Hi. Actually guy with a genetics degree here and hefty immunology course load. Wife is a public health RN. And I read journal articles and studies because I'm a nerd like that/
Masks for general public use are NOT effective in preventing transmission. The vast majority of people wear masks incorrectly (removing them to talk, not practicing proper hygiene, not maintaining a sterile zone) and they have been proven to increase risk of transmission via a false sense of security. SARS-CoV-2 is droplet transmission and only aerosolized by certain medical procedures, so while an infected person wearing as mask is likely to reduce transmission via surfaces, MORE effective is STAYING THE **** HOME and having non-symptomatic people WASH THEIR HANDS and MAINTAIN A DISTANCE OF 2 METERS. In other words, the three bits of advice that every public health authority the world over is giving out. Recommending masks does nothing to prevent transmission, and creates a run on medical PPE - which we already saw and there are still shortages - by people who don't actually need it. Medical professionals need medical grade masks (surgical, N95, N100, P100) - if everyone else wants to wear a cloth or non-medical masks that's their option (which the WHO said from the beginning) but they do very, very little to stop or slow transmission.
The difference in Asian countries is not masks. It's aggressive distancing, rapid and aggressive test-and-trace, and collectivist cultures that prioritize following the instructions of authorities to everyone's benefit unlike the "MUH FREEDUMS!" asshats in most Western democracies.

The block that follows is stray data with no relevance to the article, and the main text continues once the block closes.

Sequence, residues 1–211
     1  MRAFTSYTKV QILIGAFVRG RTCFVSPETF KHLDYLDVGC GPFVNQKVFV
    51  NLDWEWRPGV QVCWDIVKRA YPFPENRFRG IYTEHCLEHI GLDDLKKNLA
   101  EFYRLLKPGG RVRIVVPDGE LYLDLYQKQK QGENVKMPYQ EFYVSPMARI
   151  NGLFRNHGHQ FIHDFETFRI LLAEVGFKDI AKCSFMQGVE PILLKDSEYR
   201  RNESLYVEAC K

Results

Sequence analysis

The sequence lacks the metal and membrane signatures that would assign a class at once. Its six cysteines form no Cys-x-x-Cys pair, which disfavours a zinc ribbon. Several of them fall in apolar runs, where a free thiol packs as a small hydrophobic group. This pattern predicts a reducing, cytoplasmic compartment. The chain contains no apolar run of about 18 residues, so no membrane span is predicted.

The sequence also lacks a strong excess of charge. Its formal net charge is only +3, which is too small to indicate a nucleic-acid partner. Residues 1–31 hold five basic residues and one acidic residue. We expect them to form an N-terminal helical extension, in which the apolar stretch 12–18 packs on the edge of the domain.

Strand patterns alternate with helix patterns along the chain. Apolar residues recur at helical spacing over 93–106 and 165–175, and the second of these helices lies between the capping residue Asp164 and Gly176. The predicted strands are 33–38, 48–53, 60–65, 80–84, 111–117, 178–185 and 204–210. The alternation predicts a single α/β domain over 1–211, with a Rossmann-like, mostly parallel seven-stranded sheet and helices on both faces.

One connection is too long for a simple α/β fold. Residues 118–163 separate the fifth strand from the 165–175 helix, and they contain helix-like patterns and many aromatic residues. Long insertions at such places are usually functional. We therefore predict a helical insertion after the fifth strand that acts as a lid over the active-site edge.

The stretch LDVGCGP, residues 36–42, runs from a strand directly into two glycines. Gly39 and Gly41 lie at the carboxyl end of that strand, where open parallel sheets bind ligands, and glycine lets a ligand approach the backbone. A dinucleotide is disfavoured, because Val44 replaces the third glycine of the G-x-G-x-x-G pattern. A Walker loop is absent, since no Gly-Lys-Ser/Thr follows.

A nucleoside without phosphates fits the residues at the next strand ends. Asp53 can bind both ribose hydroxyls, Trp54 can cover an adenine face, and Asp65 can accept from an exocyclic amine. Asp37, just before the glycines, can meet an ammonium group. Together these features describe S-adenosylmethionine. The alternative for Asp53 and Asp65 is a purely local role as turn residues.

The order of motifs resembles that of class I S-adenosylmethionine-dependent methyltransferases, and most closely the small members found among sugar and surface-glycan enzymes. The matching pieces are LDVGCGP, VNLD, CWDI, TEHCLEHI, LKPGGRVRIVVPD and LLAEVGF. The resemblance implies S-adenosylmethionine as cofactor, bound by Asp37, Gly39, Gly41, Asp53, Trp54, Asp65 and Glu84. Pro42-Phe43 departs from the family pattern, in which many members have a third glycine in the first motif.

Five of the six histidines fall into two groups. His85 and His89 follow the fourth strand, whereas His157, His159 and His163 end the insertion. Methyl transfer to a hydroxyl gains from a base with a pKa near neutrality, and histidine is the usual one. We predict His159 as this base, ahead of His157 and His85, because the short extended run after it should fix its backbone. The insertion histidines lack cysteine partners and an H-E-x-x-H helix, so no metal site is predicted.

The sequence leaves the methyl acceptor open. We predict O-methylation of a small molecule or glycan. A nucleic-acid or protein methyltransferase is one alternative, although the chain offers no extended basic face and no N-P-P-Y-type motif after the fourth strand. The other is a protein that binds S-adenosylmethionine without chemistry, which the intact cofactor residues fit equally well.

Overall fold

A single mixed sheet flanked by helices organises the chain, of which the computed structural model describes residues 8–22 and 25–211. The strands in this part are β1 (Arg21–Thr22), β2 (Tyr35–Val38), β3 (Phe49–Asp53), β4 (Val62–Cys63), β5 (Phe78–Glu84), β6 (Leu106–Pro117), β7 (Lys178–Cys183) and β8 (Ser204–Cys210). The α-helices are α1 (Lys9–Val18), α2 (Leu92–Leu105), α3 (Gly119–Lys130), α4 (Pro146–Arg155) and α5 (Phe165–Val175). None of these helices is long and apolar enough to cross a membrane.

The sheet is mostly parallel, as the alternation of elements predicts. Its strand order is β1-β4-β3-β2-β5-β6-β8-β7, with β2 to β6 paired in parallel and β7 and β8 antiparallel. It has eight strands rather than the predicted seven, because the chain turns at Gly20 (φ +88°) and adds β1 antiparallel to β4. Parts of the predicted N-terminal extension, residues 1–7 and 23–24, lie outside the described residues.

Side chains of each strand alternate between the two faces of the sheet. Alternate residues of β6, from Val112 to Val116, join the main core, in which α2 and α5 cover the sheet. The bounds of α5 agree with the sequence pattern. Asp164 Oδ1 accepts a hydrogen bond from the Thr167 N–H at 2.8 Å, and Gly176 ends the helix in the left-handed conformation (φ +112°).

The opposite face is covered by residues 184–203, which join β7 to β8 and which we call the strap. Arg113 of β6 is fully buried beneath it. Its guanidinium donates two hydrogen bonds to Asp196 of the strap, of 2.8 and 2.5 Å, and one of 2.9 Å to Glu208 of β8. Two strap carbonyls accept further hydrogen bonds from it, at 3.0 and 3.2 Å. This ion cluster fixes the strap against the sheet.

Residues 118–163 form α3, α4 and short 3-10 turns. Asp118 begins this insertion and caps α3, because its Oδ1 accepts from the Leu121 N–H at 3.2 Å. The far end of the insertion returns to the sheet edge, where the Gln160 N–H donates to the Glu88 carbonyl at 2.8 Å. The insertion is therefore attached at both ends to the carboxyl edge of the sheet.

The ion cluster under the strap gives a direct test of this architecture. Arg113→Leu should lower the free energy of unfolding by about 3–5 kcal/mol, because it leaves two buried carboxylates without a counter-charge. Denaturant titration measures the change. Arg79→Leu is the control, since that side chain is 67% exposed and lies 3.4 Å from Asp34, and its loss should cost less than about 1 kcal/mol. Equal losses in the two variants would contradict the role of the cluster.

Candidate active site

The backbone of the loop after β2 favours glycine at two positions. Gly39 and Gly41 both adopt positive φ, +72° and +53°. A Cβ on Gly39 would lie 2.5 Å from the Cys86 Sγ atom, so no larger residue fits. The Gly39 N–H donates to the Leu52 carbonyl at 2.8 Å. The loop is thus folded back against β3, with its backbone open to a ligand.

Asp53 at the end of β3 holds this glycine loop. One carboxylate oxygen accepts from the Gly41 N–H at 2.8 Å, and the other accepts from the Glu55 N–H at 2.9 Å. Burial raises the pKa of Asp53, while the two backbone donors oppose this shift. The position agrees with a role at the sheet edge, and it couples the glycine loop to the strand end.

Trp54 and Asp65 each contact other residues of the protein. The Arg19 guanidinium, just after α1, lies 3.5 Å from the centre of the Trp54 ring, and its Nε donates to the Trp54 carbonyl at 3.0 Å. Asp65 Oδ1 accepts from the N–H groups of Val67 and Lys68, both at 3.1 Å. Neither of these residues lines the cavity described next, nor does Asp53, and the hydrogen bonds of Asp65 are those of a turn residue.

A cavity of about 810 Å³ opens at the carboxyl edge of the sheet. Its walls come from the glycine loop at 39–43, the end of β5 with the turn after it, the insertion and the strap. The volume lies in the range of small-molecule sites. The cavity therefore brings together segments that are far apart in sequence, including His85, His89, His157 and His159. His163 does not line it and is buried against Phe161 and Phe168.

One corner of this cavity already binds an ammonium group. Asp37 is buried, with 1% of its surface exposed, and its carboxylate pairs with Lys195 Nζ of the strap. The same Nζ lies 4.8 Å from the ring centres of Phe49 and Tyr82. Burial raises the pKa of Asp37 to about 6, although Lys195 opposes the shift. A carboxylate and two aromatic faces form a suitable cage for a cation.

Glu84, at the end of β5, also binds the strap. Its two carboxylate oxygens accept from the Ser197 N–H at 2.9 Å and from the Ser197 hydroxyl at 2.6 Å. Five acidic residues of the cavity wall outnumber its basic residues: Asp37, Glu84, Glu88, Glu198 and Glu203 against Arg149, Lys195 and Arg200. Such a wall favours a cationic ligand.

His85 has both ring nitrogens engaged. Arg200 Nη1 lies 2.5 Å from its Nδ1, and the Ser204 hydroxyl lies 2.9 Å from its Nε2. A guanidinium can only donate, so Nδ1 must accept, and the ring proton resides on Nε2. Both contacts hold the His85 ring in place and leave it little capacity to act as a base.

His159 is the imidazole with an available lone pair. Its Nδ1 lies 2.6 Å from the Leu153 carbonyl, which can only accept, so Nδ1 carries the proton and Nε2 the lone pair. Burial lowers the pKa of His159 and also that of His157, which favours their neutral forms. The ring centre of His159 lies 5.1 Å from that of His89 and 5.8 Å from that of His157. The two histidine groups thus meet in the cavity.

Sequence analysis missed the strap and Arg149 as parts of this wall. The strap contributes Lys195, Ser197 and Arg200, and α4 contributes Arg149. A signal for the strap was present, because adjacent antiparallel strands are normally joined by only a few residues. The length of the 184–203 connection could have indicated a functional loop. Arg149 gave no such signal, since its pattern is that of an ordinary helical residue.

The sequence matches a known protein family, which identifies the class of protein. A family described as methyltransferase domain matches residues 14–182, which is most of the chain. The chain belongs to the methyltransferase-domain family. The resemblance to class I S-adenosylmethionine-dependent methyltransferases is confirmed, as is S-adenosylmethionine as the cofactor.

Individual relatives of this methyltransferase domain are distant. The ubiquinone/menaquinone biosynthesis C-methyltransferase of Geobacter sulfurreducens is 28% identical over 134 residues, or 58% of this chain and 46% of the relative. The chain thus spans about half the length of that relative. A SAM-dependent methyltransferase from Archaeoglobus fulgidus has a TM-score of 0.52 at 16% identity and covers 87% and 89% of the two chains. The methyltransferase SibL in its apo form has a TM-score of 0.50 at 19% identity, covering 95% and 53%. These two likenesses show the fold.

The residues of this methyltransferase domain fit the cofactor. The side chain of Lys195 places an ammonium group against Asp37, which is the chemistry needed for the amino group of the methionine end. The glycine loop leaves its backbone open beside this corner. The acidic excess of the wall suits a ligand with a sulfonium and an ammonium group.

So no, the WHO's advice on masks was not incorrect. It was evidence-based best-advice designed to prevent false sense of security leading people to violate the other public health orders, and to keep precious PPE supplies from being bought and hoarded by private individuals.And if you don't believe me.
That's influenza modelling/review data, which actually does readily aerosolize.
TL;DR: Outside of a medical / close-contact setting, masks are nothing more than a feel-good placebo. Maintaining a proper social distance will do more to prevent transmission than wearing a mask, particularly because mask wearers are more likely to engage in risk behaviour like touching the mask, touching their face, contaminating the protective field with mask removal with gloves or unwashed hands, and not following distancing protocols out of a false sense of security.